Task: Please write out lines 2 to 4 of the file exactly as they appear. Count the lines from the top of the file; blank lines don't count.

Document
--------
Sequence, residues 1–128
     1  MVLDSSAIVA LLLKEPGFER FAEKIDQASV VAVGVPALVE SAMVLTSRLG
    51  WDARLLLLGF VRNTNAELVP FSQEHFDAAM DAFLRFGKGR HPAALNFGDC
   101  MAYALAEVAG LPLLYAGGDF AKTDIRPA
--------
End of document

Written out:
     1  MVLDSSAIVA LLLKEPGFER FAEKIDQASV VAVGVPALVE SAMVLTSRLG
    51  WDARLLLLGF VRNTNAELVP FSQEHFDAAM DAFLRFGKGR HPAALNFGDC
   101  MAYALAEVAG LPLLYAGGDF AKTDIRPA